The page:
Having been firm favourites here at GIHE for a number of years, wowing us with their immersive live performances and captivating post-punk musicality, London band GHUM have now released their much-awaited debut album, Bitter. Oozing a gritty, swirling energy as front person Laura’s vocals soar throughout, each track carries the band’s trademark ethereal allure and dark, hypnotic splendour, showcasing their ability to consistently hone their sound and bewitch listeners worldwide.

To celebrate the release of the album, we caught up with Laura, Jojo, Marina and Vicki to find out more about Bitter; what inspires them; their thoughts on the industry today; their plans for the year, and more. Have a read below and make sure you immerse your ears in the new album as soon as possible!

Hey Ghum! For those who aren’t familiar, can you tell us a bit about yourselves and how you all got together to start creating music as Ghum? 
We met because Marina, our bassist, put an ad online looking for female musicians to form a band because she thought playing with other women would be more fun. She knew Laura from a previous jam with other people and asked if she was still looking for a band. “I loved her voice and vibe so much, and was really happy she said yes.” Jojo responded to the ad saying she loved The Cure and Warpaint and I said: “You’re in, bitch”. Vicki came along soon after that and boom: Ghum was formed.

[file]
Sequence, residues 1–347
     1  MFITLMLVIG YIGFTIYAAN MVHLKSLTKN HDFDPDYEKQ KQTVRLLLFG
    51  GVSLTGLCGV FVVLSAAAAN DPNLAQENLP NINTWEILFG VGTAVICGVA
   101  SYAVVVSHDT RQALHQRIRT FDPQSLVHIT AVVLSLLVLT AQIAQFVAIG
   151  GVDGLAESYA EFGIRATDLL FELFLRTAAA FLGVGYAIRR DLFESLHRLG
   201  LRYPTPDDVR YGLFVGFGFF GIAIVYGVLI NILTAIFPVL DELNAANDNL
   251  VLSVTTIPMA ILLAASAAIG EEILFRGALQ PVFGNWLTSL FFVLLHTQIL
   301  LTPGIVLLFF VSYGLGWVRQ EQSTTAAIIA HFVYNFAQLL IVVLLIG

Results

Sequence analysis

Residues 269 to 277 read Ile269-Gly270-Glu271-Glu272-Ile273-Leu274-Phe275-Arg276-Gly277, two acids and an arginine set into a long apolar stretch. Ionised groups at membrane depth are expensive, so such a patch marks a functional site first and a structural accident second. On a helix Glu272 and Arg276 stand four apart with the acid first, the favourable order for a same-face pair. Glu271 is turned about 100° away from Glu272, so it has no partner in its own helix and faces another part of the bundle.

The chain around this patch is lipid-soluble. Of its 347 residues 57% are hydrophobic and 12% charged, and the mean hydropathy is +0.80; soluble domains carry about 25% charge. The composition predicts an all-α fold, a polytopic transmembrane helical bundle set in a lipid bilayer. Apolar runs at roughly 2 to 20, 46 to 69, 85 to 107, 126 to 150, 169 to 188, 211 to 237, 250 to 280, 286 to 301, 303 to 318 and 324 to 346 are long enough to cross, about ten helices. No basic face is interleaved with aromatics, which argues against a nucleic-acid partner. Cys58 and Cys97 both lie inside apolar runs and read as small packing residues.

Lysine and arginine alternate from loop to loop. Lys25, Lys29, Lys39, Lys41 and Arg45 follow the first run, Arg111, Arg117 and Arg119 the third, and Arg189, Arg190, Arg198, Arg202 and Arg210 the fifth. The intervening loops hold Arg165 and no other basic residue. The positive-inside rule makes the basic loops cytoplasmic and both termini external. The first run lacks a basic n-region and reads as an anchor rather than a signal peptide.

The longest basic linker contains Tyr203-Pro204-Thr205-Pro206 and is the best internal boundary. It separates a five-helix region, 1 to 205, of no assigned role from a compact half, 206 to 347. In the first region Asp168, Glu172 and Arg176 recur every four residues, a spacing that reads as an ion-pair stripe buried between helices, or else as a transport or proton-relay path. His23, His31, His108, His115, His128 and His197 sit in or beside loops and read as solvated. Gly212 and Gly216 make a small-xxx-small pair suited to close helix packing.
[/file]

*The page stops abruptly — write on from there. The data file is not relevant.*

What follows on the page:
We’re huge fans of your swirling, ethereal allure and post-punk energy, but who would you say are your main musical influences? 
Bit of Cure, bit of Pixies, bit of Joy Division and Warpaint…

You’ve just released your debut album, Bitter, which is super exciting! Are you able to tell us a bit about it? Are there any particular themes running throughout it?
Bitter is our debut album and we wanted to establish and cement our sound with this record. This time we knew what we were looking for when songwriting, and searched for it. The themes vary but the songs are about people and conversations that have maybe a bitter end – reflections on people that left a mark, and just a release of feelings that needed an escape.

And how would you say this album differs or moves on from your previous releases? 
We have consolidated our sound (for now) after The Coldest Fire EP we released in 2019, we found something that really agreed with all of us – we wanted to explore this sound and make it punchier. It feels like the culmination of an era, what we wanted to reach until now. This is us.

You’ve been wowing crowds with your immersive live shows for some time now, including support slots with the likes of Dream Wife and L.A Witch (and headlining for us at the Finsbury!), but is there a particular gig you’ve played that stands out as a highlight for you? 
We have just finished a supporting tour with Choir Boy and Soft Kill. We played in Paris at the Petit Bain and we really enjoyed that one. The French crowd was awesome and the venue was a dream – it was in the middle of our first European tour, so it was quite special to play to such a different crowd and get such a good response.